Time to think about your porcelain throne | Darn Wright


Last updated 11/17/2022 at 5:39pm

Even with our hectic days, we still make time to just isolate ourselves, and sit down to think over our to-do list. And most of this time can be done while sitting on our white porcelain throne.

Twenty years ago, Jack Sim, a successful businessman based in Singapore, decided he would do something about the neglect of sanitation. In 2001, he founded the World Toilet Organization (WTO). Two decades later, sanitation is now a major issue on our minds.

World Toilet Day is all about celebrating toilets for everything they do for us, from taking away our waste to protecting our health, safety, and dignity. This being the case please show your toilets some love and your appreciation by keeping them clean.

For those of us who were born on Nov. 19, we can brag about being birthed on that famous day our 16th president gave his Gettysburg Address. You can further boast it was the day, years later, the first automatic toll collection machine was used on the New Jersey’s Garden State Parkway, the U.S. Supreme Court ruled (7-2) that baseball is a sport not a business, and the Beatles released “Magical Mystery Tour.” Then among those historical events add that since 2013, the UN has observed Nov. 19 as World Toilet Day. They did so to draw attention to the importance of accessible toilets and proper sanitation.

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If you run out of topics here are some tantalizing facts you can share with your friends and neighbors about toilets.

Many studies support it’s unacceptable that 40% of the world’s 4.2 billion human beings lack access to hygienic sewage disposal systems. Since the invention of toilets that machine alone has reduced many filth diseases and in the course of doing so humans have added 20 years to our lives! Here are some other tantalizing facts to digest.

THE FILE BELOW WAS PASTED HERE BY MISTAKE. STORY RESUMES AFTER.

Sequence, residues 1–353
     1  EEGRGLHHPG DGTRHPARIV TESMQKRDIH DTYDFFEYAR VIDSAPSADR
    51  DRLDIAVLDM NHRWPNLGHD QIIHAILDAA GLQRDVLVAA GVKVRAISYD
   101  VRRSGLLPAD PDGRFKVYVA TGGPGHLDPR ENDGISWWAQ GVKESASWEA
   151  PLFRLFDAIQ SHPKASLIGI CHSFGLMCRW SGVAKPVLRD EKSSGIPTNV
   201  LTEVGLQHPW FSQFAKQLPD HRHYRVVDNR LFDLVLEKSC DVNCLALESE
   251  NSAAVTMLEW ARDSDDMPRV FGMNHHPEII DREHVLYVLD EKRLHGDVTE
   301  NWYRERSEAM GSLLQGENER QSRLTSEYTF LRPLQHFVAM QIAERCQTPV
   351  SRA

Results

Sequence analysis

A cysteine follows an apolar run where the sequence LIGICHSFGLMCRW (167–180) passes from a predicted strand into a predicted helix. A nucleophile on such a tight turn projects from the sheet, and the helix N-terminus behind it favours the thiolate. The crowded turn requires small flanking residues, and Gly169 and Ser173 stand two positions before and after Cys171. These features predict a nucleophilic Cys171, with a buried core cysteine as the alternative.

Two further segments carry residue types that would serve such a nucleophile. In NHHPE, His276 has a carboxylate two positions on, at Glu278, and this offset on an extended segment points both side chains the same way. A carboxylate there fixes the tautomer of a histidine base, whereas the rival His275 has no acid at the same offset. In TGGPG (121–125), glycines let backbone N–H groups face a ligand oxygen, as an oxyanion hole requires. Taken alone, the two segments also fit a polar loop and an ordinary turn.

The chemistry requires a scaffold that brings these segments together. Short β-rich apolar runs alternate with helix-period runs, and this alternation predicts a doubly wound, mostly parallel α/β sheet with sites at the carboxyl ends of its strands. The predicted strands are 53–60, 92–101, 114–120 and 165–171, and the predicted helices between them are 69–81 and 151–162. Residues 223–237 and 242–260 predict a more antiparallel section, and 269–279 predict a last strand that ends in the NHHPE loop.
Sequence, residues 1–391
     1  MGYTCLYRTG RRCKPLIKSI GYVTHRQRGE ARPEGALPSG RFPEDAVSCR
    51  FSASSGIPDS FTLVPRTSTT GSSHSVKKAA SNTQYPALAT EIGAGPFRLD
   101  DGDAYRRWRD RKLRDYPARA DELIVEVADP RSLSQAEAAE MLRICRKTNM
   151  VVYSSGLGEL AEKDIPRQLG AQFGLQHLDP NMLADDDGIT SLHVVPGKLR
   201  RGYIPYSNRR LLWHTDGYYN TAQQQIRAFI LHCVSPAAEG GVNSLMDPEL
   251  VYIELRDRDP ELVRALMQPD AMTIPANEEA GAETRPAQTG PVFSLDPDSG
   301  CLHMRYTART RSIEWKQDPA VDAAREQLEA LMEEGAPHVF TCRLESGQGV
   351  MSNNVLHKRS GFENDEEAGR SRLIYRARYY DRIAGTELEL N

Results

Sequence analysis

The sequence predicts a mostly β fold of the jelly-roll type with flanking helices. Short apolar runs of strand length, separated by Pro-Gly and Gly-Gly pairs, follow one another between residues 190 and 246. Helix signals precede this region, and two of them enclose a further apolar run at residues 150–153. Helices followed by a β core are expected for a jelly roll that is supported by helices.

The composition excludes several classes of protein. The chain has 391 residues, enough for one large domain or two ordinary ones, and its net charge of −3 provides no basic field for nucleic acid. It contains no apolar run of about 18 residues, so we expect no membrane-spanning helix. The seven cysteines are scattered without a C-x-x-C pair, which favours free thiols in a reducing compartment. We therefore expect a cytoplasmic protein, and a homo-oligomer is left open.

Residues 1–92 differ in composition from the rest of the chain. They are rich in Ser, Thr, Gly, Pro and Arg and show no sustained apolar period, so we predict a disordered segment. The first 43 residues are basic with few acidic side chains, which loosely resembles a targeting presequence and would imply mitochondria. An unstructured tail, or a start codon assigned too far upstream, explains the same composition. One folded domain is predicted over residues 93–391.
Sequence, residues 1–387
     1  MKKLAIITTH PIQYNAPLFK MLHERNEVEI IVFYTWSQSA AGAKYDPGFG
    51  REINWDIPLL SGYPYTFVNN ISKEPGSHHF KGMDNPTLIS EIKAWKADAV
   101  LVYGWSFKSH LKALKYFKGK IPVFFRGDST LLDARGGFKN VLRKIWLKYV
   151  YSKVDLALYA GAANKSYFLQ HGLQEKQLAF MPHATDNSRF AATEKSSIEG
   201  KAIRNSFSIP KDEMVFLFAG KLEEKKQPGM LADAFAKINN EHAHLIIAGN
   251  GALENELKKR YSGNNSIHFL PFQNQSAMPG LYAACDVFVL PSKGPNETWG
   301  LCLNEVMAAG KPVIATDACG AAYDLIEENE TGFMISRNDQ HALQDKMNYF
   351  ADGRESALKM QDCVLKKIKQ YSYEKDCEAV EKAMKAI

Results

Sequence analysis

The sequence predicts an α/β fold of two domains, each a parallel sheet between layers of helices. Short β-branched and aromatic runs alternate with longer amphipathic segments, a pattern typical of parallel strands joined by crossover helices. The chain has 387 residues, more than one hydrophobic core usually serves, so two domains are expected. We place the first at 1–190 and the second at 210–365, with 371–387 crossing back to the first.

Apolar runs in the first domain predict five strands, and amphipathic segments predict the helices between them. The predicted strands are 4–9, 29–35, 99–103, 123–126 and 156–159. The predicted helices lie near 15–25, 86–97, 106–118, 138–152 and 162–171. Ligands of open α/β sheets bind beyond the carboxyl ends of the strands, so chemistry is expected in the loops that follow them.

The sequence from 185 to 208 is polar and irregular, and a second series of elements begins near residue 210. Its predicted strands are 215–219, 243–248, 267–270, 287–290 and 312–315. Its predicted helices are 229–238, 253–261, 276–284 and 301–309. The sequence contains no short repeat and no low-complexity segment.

People have more mobile phones access around the globe than they have toilet facilities.

Diarrheal disease is the second leading cause of death among children under five and is entirely preventable with access to proper sanitation and clean water.

What are some other things about toilets that you can unembarrassingly share with your friends and family members?

According to Wikipedia, “The credit for inventing the flush toilet goes to Sir John Harrington, godson of Elizabeth I, who invented a water closet with a raised cistern and a small downpipe through which water

ran to flush the waste in 1592.”

Then to improve upon Harrington’s inventions in the late 19th century Thomas Crapper, an Englishman, who was known for inventing the concept of bathroom fittings focused his attention on making flush toilets more sanitary. But he was struggling to make ends meet and if it were not for his government contracts Thomas Crapper & Co Ltd. would have gone down the toilet.

The English government’s toilet involvement ending up not only saving its own constituents health and lives it is saving our lives too!

You might be sitting there thinking: How did crapper become an active verb? The slang for “doing number 2” started when our WWI English stationed soldiers took to calling toilets “The Crapper” and brought their new found word back with them to the United States.

Actually, there is no known single inventor or individual invention of what we now know as the toilet, and all of its many synonyms.  What we do have is a generally accepted historical timeline listing milestones covering some of the evolution of today’s toilets.

1885: The first modern pedestal “flush-down” toilet was demonstrated by Frederick Humpherson Chelsea, England.

1906: William Elvis Sloan invented the Flushometer, which used pressurized water directly from the water supply line for faster recycle time between flushes. The Flushometer is still in use today in public restrooms worldwide.

1911: Philip Haas of Dayton, Ohio, received a patent for the multiple jet flush rim toilet perforations to thoroughly wash every portion of the bowl.

1924-1927: Haas also designed and improved a water flushing and recycling mechanism similar to those in use today.

So, there you have it. As you digest this information keep in mind what you have learned could be answers for your upcoming Trivial Pursuit game or answers for your crossword puzzle.

Darn right, may I suggest you take this Darn Wright column into your “reading room,” sit down on your white porcelain throne and re-read the history of this famous Nov. 19 day?


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